Forty Days of Lent: Day Thirty-Three

So last night I saw some friends I have not seen since I was laid off and they all said the same thing:  "You look great!"  It's similar to a bartender I know who saw me a few days after I lost my job and said "You look so young!  It's like a weight has been lifted off your shoulders!"  Understand that the point of these anecdotes is not vanity, but curiosity: how bad did I look when I had a job?

Saturday, April 05, 2014

Thirty Days of Lent: Day Thirty-Two

Reverse Living by Norman Glass

Life is tough.
It takes up a lot of your time, all your weekends,
and what do you get at the end of it?
...Death, a great reward.
I think the life cycle is all backwards.
You should die first, get it out of the way.
Then you should live twenty years in an old-age home.
You get kicked out when you're too young,
you get a gold watch, you go to work.
You work for forty years until you're
young enough to enjoy your retirement.
You go to college, you party until you're ready for high school,
you become a little kid, you play, you have no responsibilities,
you become a little boy or girl, you go back into the womb,
you spend your last nine months floating.
And you finish off as a gleam in someone's eye.

Friday, April 04, 2014

Forty Days of Lent: Day Thirty-One

Graffiti Art That Used To Be In My Neighborhood.

It's an ephemeral art form.  I think these pieces are long gone.

Thursday, April 03, 2014

Forty Days of Lent: Day Thirty

It has been a while since I've done laundry.  Not having to go to an office five days a week means I'm not concerned with keeping a fresh supply of clean button-down shirts and I have more t-shirts than is appropriate for a man my age.

Even though I don't have a job at the moment, I was still planning on dropping off my laundry.  The laundromat does a good job, it's only a few dollars more than doing it myself and it frees me up to do things like write this blog entry.  So the task becomes sorting and then sub-sorting my clothes.  The first sort consists of dividing the clothes into piles according to whether they're black, white and colored.  Obvious. The second sort weeds out clothes that I don't really want people at the laundromat to see.  For example, my Charles Manson t-shirt.   It was a going away present from my roommate Tony and his girlfriend Melissa when I left Philadelphia.  This was in 1991, which gives you an idea of how long I've held on to some clothes.  I never wear the Charles Manson t-shirt outside of the apartment anymore.  There was a time when I would wear it outside but only beneath a sweater.  But then I began to worry that some circumstance would dictate I take the sweater off, like unexpectedly warm weather or perhaps the need to help an injured person.  They need a tourniquet and only my sweater will do.  I expect a shocked silence from the other people when I take off my sweater to reveal Manson's face beneath.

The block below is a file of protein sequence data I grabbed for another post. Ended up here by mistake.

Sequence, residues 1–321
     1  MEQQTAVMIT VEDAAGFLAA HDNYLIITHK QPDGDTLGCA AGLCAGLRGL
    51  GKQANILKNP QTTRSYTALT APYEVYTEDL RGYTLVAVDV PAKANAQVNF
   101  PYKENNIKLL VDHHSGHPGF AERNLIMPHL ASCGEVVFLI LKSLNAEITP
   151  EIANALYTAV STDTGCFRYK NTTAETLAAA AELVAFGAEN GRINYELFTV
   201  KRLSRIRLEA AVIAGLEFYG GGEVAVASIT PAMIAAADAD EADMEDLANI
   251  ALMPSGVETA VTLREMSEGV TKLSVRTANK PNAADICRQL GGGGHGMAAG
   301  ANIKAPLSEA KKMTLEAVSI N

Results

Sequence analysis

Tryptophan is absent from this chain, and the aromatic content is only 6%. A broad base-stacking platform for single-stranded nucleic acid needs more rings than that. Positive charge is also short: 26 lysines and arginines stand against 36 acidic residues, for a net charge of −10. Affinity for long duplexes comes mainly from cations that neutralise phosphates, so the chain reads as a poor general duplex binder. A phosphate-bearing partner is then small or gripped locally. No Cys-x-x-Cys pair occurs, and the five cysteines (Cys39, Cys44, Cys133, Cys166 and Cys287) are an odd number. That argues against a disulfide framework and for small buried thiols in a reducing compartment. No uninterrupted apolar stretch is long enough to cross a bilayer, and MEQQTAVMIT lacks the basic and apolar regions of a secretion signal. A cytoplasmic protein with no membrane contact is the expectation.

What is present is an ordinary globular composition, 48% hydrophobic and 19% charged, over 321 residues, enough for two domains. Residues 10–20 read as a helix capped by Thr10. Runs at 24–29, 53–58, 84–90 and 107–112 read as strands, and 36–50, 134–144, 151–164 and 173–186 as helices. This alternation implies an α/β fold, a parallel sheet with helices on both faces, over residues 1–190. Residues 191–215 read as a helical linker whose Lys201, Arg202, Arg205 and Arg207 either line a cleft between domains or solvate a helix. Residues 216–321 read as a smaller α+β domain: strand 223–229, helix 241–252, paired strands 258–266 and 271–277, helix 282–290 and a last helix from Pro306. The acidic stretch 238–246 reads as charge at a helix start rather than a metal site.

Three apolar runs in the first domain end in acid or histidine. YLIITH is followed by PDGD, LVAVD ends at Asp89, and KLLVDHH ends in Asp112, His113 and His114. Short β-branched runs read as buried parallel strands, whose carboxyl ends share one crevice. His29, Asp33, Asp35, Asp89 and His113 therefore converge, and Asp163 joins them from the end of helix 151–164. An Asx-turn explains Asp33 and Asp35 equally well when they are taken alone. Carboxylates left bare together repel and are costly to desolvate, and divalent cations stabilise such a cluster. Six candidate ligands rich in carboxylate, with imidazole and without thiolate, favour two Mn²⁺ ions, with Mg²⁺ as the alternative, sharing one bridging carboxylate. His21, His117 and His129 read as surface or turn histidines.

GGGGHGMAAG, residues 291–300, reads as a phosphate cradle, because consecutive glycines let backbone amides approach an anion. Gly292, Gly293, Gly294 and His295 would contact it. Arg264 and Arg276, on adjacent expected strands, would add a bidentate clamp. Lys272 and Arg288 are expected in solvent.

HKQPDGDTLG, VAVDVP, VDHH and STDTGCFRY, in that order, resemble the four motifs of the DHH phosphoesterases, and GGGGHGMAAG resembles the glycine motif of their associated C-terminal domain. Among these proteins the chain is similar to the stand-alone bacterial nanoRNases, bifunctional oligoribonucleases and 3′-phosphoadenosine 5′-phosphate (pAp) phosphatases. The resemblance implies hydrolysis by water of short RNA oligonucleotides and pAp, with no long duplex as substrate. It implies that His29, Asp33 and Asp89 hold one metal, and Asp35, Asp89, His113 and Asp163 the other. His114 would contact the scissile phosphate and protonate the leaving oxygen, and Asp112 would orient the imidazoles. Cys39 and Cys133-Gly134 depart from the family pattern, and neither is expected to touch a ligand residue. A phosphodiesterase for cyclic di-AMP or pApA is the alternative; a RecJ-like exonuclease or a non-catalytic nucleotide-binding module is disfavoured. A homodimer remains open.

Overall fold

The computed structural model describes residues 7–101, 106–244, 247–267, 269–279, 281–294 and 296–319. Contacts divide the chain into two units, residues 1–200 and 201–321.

Similarly, I stopped wearing my "Christianity Is Stupid" t-shirt outside the apartment, whether it was covered or not.   With that shirt, I pictured being the victim of an accident and the shirt's message being discovered by paramedics in an ambulance.  Perhaps one of them would be fairly devout and thus less inclined to save a heretic...or a smart ass.  If nothing else, a theology debate would probably ensue as they tended to my wounds, a scene not too different from when your dentist asks you questions while you have a mouth full of tools, suction devices, and fingers.

I eventually donated my "Christianity Is Stupid" t-shirt, along with some other clothes, to the Salvation Army.  I wonder what they made of it and if it ever was put out for sale.      

Wednesday, April 02, 2014

Forty Days of Lent: Day Twenty-Nine

My tattoo, from which this blog takes its name, is ten years old.  Actually, ten years and some change:  the inking was done in January, 2004.

I have no regrets, I think it still looks great, I don't think I've ever seen another tattoo that's better, I have  no plans to get another one.  

Tuesday, April 01, 2014

Forty Days of Lent: Day Twenty-Eight

More Graffiti Murals From My Neighborhood